We spent the entirety of the following day looking over a few groups of rams, but were still not able to locate a legal one. As we made our way back to camp, we were sitting on a ridge glassing a new basin, when Frank stood up to stretch and spotted a band of six rams that we hadn’t seen and were bedded about 800 yards below us. One ram looked like he had the mass I was looking for, but with the sun hitting the cool ground, the mirage was so bad that it was impossible to judge him. We began to work closer, but had to be careful as the wind was blowing straight downhill. Before I got a good look, the ram disappeared into a cut below the smaller rams as they were feeding. We waited, then as we were rapidly losing light, and the rams were feeding closer and closer up to our elevation, we decided that we needed to push it and get a look at him. We quickly found ourselves pinned down when two of the smaller rams bedded down just 200 yards to our left. The bigger ram just wouldn’t show himself. I stood up and saw the other three young rams only 70 yards below us, but still couldn’t find the big one. Finally as it began to get dark, we decided we needed to try and slip back to our packs. While we did that, we found the big one, who had gone the opposite way we thought, and when he busted us, the whole band took off running out of sight. We made the walk of shame back to camp a little dejected, but knowing we still had time.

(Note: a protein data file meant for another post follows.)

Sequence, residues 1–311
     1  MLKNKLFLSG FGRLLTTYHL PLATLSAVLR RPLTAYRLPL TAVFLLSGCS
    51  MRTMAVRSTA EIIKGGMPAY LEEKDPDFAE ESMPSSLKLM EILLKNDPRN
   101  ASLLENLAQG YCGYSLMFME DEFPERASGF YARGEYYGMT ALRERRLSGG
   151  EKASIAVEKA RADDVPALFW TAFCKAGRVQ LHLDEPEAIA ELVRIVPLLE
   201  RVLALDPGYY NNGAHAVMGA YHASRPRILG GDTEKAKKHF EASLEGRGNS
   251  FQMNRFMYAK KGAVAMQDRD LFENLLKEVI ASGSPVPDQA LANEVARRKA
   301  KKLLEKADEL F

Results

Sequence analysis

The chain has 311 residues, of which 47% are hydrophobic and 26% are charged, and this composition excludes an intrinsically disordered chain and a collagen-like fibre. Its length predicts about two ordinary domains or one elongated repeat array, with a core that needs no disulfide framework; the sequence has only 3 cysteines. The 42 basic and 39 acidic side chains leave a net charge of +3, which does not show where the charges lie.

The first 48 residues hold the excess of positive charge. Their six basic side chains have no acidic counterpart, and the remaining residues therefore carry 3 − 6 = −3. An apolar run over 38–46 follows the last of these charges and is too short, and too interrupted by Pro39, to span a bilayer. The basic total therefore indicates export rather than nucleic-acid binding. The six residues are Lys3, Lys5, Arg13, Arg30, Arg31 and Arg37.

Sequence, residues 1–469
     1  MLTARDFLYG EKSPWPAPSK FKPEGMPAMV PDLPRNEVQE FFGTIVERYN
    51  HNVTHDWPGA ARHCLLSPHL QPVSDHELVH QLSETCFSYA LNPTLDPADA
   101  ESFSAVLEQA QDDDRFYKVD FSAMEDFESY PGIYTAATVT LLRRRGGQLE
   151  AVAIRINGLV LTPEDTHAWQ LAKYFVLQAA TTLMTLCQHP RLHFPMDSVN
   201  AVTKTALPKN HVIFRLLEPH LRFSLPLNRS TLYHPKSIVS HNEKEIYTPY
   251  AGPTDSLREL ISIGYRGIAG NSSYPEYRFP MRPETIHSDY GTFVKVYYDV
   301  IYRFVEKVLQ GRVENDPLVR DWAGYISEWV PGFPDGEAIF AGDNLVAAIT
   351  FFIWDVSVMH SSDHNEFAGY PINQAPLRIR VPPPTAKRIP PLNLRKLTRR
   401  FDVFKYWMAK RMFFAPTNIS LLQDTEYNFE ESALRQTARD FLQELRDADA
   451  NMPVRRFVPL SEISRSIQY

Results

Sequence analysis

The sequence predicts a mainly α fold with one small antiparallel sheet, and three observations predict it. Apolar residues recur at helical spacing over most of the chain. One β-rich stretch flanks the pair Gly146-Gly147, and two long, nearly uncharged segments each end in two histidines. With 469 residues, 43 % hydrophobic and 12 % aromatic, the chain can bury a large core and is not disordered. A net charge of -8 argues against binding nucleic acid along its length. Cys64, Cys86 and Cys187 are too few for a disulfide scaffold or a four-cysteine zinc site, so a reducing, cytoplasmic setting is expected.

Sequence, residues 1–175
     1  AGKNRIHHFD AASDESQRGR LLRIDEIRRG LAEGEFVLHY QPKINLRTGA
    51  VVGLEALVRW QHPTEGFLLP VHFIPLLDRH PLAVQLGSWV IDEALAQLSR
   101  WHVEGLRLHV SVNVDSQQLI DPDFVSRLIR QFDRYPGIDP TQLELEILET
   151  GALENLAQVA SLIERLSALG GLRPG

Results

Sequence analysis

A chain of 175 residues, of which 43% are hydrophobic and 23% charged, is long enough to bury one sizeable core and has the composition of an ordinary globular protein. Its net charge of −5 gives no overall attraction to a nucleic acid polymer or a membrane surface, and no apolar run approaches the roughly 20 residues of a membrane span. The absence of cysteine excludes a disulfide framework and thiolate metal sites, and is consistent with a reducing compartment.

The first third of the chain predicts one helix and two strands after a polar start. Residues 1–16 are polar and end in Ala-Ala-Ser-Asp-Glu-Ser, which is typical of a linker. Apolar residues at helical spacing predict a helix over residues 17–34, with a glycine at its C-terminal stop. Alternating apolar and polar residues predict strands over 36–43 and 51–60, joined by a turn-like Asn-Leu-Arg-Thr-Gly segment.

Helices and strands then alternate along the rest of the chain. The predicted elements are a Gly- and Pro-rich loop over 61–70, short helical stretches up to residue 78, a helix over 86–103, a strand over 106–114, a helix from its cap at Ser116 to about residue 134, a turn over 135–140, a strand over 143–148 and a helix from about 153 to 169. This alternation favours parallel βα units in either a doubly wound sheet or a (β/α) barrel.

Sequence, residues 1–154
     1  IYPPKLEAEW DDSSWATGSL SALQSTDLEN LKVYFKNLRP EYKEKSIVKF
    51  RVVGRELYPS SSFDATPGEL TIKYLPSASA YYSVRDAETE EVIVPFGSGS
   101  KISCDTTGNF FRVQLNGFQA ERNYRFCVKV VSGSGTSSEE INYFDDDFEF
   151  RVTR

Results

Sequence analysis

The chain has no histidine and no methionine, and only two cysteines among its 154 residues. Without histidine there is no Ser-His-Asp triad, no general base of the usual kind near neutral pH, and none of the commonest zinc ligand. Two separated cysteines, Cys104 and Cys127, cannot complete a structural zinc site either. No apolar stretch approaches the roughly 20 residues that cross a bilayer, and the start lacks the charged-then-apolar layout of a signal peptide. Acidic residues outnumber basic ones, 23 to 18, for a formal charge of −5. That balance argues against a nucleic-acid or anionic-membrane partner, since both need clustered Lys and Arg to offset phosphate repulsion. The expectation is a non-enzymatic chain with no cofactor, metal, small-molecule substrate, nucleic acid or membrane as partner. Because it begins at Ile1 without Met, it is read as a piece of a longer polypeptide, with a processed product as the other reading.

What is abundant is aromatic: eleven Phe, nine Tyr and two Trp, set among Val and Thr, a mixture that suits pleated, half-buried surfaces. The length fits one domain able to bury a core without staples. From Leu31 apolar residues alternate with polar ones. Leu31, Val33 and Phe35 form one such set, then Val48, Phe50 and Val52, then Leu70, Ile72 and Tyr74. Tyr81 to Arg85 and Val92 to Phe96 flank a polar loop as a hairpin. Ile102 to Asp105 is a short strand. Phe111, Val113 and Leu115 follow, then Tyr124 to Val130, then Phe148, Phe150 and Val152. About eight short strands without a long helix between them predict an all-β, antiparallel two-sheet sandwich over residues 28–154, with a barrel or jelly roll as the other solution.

The next day, we checked out a couple groups of rams, but were still coming up without any great options. But that afternoon we found the group of six that we had spooked, hanging out about a mile and a half away, relaxed and feeding. We were able to determine that the bigger ram was legal, but was too late in the day to execute a stalk, so we let them bed down and found them nearby the next morning. We decided to pack up camp and go after him, and as we began the long stalk, the rams fed across the basin they were in to a position below us. Good enough, we thought, but no sooner had they gone out of sight below us, then they went running back across the basin. I knew they had not seen or winded us, but then I saw a herd of caribou that had fed over the ridge above them and spooked them.